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Industry Expert: Michael Jackson's Album Sales, 'Likeability' Had Declined Before Death

LOS ANGELES ( — Michael Jackson's declining album sales and likeability had limited his earning potential in the years before his death, an entertainment industry consultant testified Monday.

Eric Briggs was called to testify by lawyers for concert promoter AEG Live in the wrongful death lawsuit filed by the late singer's family.

On July 15, an expert testifying for the Jackson family said the singer's death had caused a loss of income estimated between $1.1 to $1.5 billion, earned from 37 months of touring, along with merchandise, endorsements, and royalties from a Las Vegas show.

Attorneys for the concert promoter presented conflicting documents prepared by AEG Live that estimated Jackson would earn $132 million for 186 shows, far less than certified public accountant Arthur Erk had estimated in his testimony.

Briggs has spent the past two days of court testimony disputing the number offered by Erk, calling the $1 billion price tag pure speculation.

"Clearly this figure is in excess of what we have seen in the history of the world," Briggs testified.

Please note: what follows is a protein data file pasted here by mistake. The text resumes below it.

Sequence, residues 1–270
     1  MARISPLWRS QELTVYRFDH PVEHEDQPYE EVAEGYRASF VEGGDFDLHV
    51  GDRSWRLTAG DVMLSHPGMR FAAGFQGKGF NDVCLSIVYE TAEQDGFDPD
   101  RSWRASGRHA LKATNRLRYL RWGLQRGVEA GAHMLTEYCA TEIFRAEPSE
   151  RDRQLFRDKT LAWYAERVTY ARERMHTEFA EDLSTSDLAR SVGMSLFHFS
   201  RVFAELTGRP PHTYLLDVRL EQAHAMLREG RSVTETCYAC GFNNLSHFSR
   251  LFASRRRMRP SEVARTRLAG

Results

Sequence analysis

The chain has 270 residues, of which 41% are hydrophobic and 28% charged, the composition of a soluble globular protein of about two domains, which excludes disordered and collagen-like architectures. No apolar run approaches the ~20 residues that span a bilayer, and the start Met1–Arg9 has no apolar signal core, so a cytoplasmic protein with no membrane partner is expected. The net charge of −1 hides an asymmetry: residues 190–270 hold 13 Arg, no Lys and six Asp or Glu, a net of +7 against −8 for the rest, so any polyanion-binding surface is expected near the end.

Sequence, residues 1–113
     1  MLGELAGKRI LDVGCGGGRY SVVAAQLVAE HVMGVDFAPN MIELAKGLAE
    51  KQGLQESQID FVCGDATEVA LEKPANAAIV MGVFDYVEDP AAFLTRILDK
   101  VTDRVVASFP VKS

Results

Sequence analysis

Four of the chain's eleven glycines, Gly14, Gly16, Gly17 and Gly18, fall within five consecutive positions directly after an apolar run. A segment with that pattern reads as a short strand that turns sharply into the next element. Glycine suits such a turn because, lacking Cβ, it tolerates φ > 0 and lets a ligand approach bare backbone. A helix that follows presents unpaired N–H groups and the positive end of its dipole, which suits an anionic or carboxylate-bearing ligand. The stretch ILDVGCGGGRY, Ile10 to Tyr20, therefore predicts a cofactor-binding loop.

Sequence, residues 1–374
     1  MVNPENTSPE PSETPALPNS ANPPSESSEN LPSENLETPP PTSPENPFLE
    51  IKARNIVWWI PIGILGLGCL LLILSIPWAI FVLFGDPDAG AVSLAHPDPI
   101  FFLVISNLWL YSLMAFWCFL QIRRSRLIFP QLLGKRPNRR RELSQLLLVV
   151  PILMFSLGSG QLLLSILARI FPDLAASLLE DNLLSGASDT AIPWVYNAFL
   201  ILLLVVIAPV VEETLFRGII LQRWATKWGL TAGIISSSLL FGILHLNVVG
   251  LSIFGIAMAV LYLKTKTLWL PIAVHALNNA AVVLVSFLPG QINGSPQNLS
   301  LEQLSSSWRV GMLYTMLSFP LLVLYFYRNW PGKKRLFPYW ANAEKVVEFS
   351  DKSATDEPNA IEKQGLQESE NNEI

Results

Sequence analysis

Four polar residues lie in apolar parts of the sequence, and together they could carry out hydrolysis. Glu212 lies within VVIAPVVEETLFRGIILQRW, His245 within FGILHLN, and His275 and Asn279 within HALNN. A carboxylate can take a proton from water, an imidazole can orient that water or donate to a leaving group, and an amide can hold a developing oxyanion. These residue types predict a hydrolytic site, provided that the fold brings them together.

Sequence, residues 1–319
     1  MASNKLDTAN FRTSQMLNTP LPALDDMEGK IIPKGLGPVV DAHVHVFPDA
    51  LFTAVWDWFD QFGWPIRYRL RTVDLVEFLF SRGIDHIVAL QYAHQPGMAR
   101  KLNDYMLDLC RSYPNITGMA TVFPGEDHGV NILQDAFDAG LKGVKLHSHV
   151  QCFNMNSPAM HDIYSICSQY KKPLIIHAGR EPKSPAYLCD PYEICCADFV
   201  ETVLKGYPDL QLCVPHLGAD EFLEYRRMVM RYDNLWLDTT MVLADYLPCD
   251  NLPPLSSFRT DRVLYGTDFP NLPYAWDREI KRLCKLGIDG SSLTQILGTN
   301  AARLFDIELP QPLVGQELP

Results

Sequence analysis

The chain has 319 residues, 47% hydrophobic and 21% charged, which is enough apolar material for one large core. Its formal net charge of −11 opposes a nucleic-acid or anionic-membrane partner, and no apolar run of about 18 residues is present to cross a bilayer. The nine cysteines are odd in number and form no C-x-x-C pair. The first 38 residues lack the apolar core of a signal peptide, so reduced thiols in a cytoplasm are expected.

"It is completely out of line with history, Michael Jackson's own history, the history of all other tours," he went on to say.

Briggs produced a chart that showed the singer's likeability rating had declined over the years. Together with declining album sales, Briggs said such factors had limited Jackson's ability to earn money from sponsorships and endorsements.

Both sides have criticized the expert witnesses called by opposing counsel.

"They tried to make an expert out of someone who was an accountant and who had never worked in the touring business," AEG Live lead attorney Marvin Putnam said.

"This man has no experience in the area and when we get to cross examine him the truth with come out," said Jackson lead attorney Brian Panish.

Michael Jackson's mother, Katherine Jackson, has alleged executives at AEG were negligent when they hired Dr. Conrad Murray to look after the singer during the 'This Is It' concert tour. AEG denies any wrongdoing and maintains the doctor was brought on at Jackson's request.

Murray was later convicted of involuntary manslaughter after giving the singer an overdose of the anesthetic propofol.

The question of the singer's lost income will continue Tuesday as AEG attorneys proceed with their defense. The trial is expected to last until September.

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